This past weekend brought the super moon to our night skies. I decided that this would be a great photo opportunity. Now the hard part began or so I thought. Where would be the best location for a super moon photo shoot?
I live in the Washington, DC area, so there is no lack of photogenic locations, from the National Mall, Capitol Dome, monuments, museums, statues, Potomac River and the list goes on and on. It seemed to me that every other photographer in the neighborhood would be using these prime locations and one more photo from me would be a big dud! What was needed was a location that was not on anyone else’s photography location meter. How many of you, hobbyist photographers, have been in a similar situation? Lots of digital film but no clear idea of what to shoot or where!
After tossing out many possibilities, I did come up with a location that was attractive and accessible. More on that later. Now the problem was to determine where the moon was going to rise and would it be in the photo frame I wanted. There is a great app, Photographers Ephemeris, that is excellent for helping figure this part of the photographic puzzle. For those of you who have not used it, you give the app a location and it gives you the astronomical information you need. It is linked to Google maps, so you can see the location with the street view function. Here is a link to the site:
I proceeded to look up my intended site and gathered the necessary information. The app displayed a graphic projection showing where the moon would be located at the time I wanted to take the photos. I used the street view function in Google maps and it looked like I had a clear view of my potential super moon shot. I felt good that I had done my homework and was ready to take some great pictures. I suspect many of you have also felt good after researching photo sites.
As I was driving to the location, things began to fall apart. It was Sunday evening and the traffic was really, really bad. Now I was behind schedule. It seemed my GPS was routing me directly into traffic and road construction, a constant problem in the District of Columbia! Finally, I arrived at my well researched location and parked my car. Out came the camera bag, tripod and small chair I like to use. Off I went to the location that was in my notes. Shock and horror greeted me! There were big trees all over the place blocking my view. Those Google photos were either old or I had researched the wrong spot!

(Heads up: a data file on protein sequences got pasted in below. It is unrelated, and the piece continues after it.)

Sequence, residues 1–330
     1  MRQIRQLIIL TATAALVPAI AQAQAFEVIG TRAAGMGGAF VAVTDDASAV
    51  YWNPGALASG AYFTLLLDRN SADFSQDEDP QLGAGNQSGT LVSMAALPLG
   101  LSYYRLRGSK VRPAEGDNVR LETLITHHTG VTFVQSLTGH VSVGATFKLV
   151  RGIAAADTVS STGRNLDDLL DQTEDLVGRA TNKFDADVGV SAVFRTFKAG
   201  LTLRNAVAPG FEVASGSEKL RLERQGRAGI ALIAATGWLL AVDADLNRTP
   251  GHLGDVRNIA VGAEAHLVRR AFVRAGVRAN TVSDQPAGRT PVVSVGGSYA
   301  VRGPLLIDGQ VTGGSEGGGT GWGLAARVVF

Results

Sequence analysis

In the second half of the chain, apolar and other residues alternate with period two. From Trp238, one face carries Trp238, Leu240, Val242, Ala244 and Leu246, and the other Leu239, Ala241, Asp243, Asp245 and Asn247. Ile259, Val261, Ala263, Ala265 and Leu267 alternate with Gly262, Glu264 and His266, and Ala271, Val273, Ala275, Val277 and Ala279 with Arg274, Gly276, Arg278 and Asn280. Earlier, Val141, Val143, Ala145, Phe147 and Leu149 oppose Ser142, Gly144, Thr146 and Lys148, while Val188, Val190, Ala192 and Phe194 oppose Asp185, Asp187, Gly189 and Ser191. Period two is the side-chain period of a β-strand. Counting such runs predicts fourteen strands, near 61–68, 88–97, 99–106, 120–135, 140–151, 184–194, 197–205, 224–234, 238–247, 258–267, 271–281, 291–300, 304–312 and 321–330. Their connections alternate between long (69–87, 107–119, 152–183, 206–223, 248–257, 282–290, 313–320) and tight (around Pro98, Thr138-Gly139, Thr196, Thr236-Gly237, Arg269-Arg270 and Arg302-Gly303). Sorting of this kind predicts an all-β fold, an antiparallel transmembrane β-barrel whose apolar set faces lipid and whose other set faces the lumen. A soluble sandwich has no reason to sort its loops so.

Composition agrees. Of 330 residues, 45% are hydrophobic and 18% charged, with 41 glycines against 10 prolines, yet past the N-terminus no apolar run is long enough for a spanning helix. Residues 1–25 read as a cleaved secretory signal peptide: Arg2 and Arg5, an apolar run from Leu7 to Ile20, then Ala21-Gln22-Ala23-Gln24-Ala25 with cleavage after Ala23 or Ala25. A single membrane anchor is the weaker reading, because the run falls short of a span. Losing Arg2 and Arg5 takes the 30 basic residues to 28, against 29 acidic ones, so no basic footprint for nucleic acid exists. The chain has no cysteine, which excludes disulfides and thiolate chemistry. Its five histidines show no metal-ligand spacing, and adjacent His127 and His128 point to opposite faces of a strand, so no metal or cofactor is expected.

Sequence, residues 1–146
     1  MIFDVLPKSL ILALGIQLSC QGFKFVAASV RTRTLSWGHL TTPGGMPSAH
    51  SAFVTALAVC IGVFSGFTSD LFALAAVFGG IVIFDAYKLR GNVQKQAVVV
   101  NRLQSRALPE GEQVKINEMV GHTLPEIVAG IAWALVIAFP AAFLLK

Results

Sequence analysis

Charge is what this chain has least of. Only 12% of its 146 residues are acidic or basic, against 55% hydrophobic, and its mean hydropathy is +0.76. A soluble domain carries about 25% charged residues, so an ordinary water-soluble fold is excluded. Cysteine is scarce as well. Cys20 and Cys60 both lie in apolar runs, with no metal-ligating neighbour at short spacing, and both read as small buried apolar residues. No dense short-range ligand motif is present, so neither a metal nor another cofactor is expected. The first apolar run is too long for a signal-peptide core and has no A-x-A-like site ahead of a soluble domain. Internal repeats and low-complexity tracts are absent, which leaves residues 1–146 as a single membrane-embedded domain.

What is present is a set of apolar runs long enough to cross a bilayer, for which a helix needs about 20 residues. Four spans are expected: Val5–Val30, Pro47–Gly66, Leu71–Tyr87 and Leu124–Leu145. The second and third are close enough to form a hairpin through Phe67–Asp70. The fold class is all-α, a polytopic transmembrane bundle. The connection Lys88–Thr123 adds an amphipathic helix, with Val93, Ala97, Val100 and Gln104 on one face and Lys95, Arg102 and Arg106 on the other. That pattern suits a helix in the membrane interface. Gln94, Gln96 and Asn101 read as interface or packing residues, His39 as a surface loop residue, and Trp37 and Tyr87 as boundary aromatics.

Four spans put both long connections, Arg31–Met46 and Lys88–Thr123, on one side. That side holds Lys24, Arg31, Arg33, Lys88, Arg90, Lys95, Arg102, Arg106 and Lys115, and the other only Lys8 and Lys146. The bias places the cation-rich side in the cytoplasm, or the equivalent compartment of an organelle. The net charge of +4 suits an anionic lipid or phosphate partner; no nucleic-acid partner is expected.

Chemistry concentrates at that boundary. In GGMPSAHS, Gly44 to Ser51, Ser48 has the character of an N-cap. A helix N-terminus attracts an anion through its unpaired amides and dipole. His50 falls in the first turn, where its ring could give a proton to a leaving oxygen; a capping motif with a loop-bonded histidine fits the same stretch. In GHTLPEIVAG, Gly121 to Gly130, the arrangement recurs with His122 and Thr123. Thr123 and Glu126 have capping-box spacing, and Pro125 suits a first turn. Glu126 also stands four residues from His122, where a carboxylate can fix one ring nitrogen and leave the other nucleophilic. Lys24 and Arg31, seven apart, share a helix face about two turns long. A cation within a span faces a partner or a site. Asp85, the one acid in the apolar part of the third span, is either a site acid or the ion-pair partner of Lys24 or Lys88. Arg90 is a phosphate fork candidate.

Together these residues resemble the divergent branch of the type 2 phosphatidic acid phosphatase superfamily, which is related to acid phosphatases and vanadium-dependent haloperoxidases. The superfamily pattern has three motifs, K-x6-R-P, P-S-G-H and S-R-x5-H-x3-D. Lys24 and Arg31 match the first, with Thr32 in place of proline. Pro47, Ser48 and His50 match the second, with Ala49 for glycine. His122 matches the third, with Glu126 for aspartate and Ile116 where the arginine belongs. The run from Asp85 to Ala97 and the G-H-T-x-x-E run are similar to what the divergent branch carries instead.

This location would not work. I crossed the street and there was a parking lot that I proceeded to use to set up my equipment. I took a few photos of my target and waited for the moon rise. Now another surprise, as the moon came up it was immediately apparent that I was not in the right location! Oh well, all I could do was take some photos of my subject and enjoy the evening alone with my camera.
The next day, I rechecked the app and found the mistakes I had made in setting things up. This was a lesson that I will not forget. Next time I will do a much better job. My suggestion to you is that you practice with this app and go to the sites to check whether you have calculated the position accurately for your photo shoot before you go on the actual shoot.
The location I selected was the National Cathedral of the Immaculate Conception on the campus of Catholic University here in Washington, DC. Here are a few of the photos from my evenings adventure. Enjoy!
Photo taken just after sunset
HDR image made from 3 photos
Photo made 20 minutes after sunset
The Super Moon is in the bottom right